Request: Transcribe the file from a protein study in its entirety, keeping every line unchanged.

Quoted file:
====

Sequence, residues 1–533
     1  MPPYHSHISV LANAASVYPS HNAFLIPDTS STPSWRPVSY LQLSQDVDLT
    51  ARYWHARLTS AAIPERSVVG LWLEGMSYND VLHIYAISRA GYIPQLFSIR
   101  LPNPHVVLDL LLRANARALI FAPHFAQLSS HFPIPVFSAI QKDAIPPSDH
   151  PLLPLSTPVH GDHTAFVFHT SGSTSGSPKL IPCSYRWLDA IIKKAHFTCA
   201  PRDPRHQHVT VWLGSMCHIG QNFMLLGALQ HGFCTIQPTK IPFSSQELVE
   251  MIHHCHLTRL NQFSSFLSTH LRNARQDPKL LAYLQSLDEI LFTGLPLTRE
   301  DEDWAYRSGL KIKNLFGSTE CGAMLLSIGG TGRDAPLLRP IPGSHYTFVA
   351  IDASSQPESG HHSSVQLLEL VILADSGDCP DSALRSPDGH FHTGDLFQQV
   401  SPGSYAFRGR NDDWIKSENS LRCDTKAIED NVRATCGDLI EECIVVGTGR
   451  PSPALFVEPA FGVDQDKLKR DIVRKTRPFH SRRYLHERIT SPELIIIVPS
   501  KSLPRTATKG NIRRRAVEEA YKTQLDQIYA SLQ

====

Sequence, residues 1–533
     1  MPPYHSHISV LANAASVYPS HNAFLIPDTS STPSWRPVSY LQLSQDVDLT
    51  ARYWHARLTS AAIPERSVVG LWLEGMSYND VLHIYAISRA GYIPQLFSIR
   101  LPNPHVVLDL LLRANARALI FAPHFAQLSS HFPIPVFSAI QKDAIPPSDH
   151  PLLPLSTPVH GDHTAFVFHT SGSTSGSPKL IPCSYRWLDA IIKKAHFTCA
   201  PRDPRHQHVT VWLGSMCHIG QNFMLLGALQ HGFCTIQPTK IPFSSQELVE
   251  MIHHCHLTRL NQFSSFLSTH LRNARQDPKL LAYLQSLDEI LFTGLPLTRE
   301  DEDWAYRSGL KIKNLFGSTE CGAMLLSIGG TGRDAPLLRP IPGSHYTFVA
   351  IDASSQPESG HHSSVQLLEL VILADSGDCP DSALRSPDGH FHTGDLFQQV
   401  SPGSYAFRGR NDDWIKSENS LRCDTKAIED NVRATCGDLI EECIVVGTGR
   451  PSPALFVEPA FGVDQDKLKR DIVRKTRPFH SRRYLHERIT SPELIIIVPS
   501  KSLPRTATKG NIRRRAVEEA YKTQLDQIYA SLQ